This is an old gasoline station renovated for wine tasting.

 Even if gambling and drinking aren't your thing, Deadwood is worth a stop for it's stunning architecture alone.  The entire city is a National Historic Landmark District.   The buildings are so well preserved, and each building has a story to tell.

Deadwood's past is well-known for its rough and rowdy crowd.  It was a place where miners came to drink, gamble and spend some time with "ladies of the night".  This bar/casino played up on that heritage by placing scantily clad mannequins in the upper story windows.

You can take a guided bus tour of Deadwood for $20.00 per person.  We did not take this tour.  We picked up a brochure at the Visitors Center and did a self-guided walking tour instead.  There is also a trolley that charges only $1.00 per person or $5.00 for an all day pass.  It runs at regular intervals between all hotels, motels, and other key stops.

 There are a number of gorgeous historic hotels still operating in Deadwood.  We stayed at a new hotel/casino just on the edge of the town(The Lodge), but we did pop in and check out the lobbies of a lot of these beauties.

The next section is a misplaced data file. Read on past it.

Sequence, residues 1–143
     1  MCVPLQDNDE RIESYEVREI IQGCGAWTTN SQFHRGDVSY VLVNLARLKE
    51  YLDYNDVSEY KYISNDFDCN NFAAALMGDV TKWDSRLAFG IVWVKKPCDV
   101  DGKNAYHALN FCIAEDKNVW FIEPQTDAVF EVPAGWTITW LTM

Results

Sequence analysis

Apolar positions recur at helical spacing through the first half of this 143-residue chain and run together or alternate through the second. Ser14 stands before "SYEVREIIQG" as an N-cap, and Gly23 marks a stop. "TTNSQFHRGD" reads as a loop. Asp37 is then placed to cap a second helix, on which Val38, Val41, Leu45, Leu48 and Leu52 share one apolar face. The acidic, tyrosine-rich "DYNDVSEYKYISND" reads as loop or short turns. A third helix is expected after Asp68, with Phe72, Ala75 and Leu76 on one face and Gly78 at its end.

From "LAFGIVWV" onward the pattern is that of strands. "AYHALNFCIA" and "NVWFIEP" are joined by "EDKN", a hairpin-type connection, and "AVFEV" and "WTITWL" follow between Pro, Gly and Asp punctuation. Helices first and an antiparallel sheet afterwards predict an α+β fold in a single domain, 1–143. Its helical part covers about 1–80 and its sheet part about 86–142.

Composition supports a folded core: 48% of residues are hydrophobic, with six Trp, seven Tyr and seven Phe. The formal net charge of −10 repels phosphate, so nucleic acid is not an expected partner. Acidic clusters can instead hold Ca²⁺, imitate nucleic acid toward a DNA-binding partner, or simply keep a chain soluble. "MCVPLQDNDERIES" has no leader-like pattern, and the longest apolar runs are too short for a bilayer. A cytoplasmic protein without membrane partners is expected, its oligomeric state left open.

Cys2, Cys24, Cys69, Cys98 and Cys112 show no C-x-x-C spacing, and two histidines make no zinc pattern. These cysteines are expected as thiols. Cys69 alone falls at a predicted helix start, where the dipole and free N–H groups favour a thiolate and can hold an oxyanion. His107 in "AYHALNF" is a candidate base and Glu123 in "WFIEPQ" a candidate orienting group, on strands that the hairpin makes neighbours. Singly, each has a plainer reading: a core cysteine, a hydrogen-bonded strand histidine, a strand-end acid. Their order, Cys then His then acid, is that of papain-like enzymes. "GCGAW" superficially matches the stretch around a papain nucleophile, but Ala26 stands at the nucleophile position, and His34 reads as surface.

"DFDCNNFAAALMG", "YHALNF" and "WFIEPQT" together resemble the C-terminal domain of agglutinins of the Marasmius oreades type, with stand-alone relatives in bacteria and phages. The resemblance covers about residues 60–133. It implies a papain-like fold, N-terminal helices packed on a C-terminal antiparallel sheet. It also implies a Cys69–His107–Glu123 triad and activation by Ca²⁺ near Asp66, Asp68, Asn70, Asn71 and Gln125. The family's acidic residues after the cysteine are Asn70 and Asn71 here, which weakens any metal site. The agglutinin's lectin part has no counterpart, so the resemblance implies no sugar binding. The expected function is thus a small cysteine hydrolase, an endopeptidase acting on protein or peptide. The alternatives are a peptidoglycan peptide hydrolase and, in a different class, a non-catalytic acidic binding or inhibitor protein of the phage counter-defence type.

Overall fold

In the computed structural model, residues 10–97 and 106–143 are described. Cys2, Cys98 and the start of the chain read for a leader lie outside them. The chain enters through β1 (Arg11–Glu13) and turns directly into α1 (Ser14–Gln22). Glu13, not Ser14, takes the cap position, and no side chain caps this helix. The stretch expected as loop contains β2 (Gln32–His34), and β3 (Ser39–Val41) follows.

They really love to play up on the old west theme in Deadwood, coming up with a lot of creative titles for their establishments.

The Franklin Hotel is the grandest old hotel on the historic main street.  We went inside to check out the Victorian architecture of their lobby and it was stunning!  There also have great food and restaurants here,  guests can eat on the veranda pictured below or inside at one of their other dining options.  Teddy Roosevelt, Babe Ruth, and John Wayne are a few of the famous guests who stayed in this hotel.

This hotel used to be a Homestead Slime Plant in 1906.

 I just loved the western flair of this town.  This is not a style one sees in the state of Wisconsin.  We are more about log cabins, forests, pine trees, and deer.

  The Bullock Hotel is Deadwood's oldest hotel and is rich in ghost history.  The ghost of Seth Bullock has been reported to be seen by many guests and hotel workers.  The hotel offers ghost tours for the paranormal fans.

Perhaps Deadwood's most favorite resident was Wild Bill Hickok, who was shot in the back of the head by Jack McCall on August 2, 1876 at this saloon.

You can walk in and just take pictures of the saloon, but they ask for a small donation or store purchase if you do.   They also offer paid, guided tours.